Montana uses a five-member redistricting commission to draw congressional and state legislative districts. Although the Montana Districting and Apportionment Commission (MDAC) seeks recommendations from the legislature, the final plans are approved by a majority of the commission. The majority and minority leaders of the Montana State Legislature each appoint one member. Those four appointees appoint the fifth member, who serves as the chair. According to the Montana Constitution, commissioners may not be public officials. When the four appointees cannot agree on the fifth member, the Montana Supreme Court appoints the chair. Historically and with the 2020 commission, all the chairs have been appointed by the Supreme Court.

Community of Interest Story

The MDAC successfully resisted efforts to dilute Native American representation. Unfortunately, infighting about partisan outcomes had a prominent role in the debate over maps. Although legislators have no formal say in the approval of new districts, legislative leadership’s direct appointment of MDAC commissioners means that appointees could share legislators’ views and goals. In this cycle, Native Montanans faced vocal hostility from some legislators. For example, state Representative Brad Tschida said that it wasn’t “fair” that Native Americans are “overrepresented” in the Montana Legislature. MDAC commissioner Kendra Miller argued that Tschida’s incorrect claim was based on counting only people who state that they are exclusively Native American while excluding mixed-race Montanans. State Representative Ed Butcher stated that most legislators from reservations have “room-temperature IQs” and that “the reservation doesn’t necessarily always send their best and brightest.”

Native-led organizations and tribal leaders worked actively to fight the attempted dilution of Native voting power. The organization Red Medicine spoke out against proposals that would have divided the Fort Peck and Fort Belknap reservations and that would have made it more difficult for Crow and Northern Cheyenne reservations to elect their preferred candidate. Western Native Voice also vocally supported maps that maximized Native political power. In a public hearing on a reservation at Salish Kootenai College in Pablo, the Confederated Salish and Kootenai Tribes spoke in favor of preserving Voting Rights Act state legislative districts that are majority-Native.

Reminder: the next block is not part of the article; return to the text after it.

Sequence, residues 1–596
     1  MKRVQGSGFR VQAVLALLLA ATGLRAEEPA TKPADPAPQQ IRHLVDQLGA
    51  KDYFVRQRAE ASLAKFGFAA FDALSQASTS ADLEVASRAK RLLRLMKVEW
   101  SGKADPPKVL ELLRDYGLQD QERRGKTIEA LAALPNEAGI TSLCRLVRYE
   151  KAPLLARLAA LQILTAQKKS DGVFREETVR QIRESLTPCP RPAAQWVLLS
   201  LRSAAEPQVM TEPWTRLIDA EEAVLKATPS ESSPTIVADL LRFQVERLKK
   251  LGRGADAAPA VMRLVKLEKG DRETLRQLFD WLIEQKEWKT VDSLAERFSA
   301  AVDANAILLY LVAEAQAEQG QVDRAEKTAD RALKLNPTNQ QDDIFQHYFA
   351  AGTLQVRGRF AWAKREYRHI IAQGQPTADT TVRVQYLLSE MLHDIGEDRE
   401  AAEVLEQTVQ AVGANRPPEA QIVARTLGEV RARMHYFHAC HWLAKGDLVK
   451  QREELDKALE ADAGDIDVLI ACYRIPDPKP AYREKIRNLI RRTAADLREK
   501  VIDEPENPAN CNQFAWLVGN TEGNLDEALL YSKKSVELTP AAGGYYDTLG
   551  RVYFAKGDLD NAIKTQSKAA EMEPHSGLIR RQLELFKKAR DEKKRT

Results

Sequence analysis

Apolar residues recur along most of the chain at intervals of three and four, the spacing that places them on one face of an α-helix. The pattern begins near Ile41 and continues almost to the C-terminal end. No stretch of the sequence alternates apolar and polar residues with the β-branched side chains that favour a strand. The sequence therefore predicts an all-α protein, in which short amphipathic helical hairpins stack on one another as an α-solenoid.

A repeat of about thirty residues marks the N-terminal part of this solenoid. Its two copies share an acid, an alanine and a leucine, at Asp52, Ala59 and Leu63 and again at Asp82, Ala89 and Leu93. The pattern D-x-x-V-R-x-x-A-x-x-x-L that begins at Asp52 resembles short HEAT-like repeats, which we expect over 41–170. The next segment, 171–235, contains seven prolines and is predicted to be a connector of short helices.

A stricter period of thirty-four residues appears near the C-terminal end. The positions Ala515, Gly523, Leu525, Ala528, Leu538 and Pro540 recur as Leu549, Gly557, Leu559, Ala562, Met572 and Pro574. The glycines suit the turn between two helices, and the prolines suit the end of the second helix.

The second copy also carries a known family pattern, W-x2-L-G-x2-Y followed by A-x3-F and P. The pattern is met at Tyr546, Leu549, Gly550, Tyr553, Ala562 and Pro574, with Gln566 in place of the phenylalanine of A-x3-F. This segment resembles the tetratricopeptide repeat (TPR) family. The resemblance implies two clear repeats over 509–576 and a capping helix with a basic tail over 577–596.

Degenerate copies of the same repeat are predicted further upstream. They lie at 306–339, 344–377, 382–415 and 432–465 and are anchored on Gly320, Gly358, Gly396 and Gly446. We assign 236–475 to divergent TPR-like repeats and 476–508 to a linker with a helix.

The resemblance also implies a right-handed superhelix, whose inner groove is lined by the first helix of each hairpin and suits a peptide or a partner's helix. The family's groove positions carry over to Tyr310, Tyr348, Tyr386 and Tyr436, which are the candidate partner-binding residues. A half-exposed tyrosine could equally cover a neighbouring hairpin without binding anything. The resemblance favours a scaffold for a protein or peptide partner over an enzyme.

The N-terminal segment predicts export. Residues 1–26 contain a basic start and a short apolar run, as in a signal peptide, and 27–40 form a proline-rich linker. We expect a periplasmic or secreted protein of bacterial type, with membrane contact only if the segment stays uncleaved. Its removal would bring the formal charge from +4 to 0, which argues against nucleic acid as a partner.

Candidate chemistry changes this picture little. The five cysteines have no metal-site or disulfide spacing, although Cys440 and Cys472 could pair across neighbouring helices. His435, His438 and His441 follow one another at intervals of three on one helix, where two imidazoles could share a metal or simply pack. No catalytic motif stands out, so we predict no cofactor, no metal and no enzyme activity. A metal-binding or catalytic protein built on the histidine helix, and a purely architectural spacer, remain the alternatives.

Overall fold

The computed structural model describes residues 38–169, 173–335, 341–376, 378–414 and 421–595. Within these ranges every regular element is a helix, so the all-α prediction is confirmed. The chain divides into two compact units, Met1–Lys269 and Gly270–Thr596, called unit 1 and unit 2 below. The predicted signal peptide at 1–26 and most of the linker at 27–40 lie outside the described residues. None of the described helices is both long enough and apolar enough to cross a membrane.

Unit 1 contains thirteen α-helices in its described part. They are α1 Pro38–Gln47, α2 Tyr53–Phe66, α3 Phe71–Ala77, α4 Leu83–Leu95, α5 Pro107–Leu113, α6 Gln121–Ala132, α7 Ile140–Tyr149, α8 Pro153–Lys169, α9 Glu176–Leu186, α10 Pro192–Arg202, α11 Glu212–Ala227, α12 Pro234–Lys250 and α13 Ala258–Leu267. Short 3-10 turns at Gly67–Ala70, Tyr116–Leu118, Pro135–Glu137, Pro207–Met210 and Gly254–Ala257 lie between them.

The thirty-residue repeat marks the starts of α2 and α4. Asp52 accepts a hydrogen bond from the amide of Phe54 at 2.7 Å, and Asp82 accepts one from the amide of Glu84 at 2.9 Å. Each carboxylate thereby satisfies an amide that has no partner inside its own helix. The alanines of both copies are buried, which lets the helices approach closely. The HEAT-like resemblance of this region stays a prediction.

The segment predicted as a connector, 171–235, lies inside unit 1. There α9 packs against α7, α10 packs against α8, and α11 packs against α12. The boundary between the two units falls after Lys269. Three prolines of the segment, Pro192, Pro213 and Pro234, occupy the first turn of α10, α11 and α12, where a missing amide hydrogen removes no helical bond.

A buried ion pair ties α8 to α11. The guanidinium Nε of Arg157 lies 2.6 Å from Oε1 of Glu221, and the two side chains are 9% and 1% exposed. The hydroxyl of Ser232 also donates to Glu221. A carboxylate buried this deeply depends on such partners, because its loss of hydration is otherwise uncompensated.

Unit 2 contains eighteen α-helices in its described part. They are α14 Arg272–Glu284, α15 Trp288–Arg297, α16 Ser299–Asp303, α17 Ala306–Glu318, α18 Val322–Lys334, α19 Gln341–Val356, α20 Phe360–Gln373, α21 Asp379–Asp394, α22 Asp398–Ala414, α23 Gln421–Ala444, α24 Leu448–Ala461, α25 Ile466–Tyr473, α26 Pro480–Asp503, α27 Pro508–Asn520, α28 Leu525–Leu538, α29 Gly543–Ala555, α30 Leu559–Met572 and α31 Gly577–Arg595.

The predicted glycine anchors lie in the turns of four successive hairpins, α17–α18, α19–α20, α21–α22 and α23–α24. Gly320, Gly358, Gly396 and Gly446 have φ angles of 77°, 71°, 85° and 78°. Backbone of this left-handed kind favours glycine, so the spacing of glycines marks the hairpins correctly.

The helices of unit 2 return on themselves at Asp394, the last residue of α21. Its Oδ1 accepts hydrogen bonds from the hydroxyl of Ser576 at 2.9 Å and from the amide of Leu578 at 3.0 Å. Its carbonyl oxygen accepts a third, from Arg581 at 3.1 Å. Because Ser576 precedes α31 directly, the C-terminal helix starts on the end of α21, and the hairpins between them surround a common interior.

These various efforts ultimately paid off. The chair of the MDAC sided with the two Democratic commissioners to approve state legislative maps that ensured more effective representation for Montana’s Native residents. In doing so, the chair broke a stalemate that threatened the ability of the commission to complete its work on time.


Overall State Grade: B

Lessons Learned:

  • Community input made a difference: The high degree of public participation regarding the state House redistricting resulted in maps containing the first majority Latinx voter district (on the northern side of Kansas City), more majority Black voter districts, and more competitive districts overall.
  • More accessible hearings and time for public input must be required: With so few hearings scheduled, people should have been allowed to join the public input meetings through virtual options. For everyday people, including those with work obligations or disabilities, the distances were an insurmountable obstacle to providing input. Additionally, the draft maps needed to be more publicized, with more time for members of the public to examine and give comments on the maps.
  • The commission should start with a map drawn by non-partisan experts: The commissioners would have been aided in their deliberations by having initial draft maps that they could have adjusted based on public input. The initial maps could be drawn by demographers or mappers that are nonpartisan state or university employees.
  • Nonprofit funding should be raised earlier and support POC-led organizations to be part of redistricting strategies: There are growing Latinx, Asian, and Pacific Islander communities in Missouri. If there are groups that are given grants to pull together redistricting community mapping conversations, the coalition needs to be inclusive and to build trusting relationships within diverse communities. Preferably, funding should go directly to communities of color who are more likely to be disenfranchised during the redistricting process rather than white-led organizations.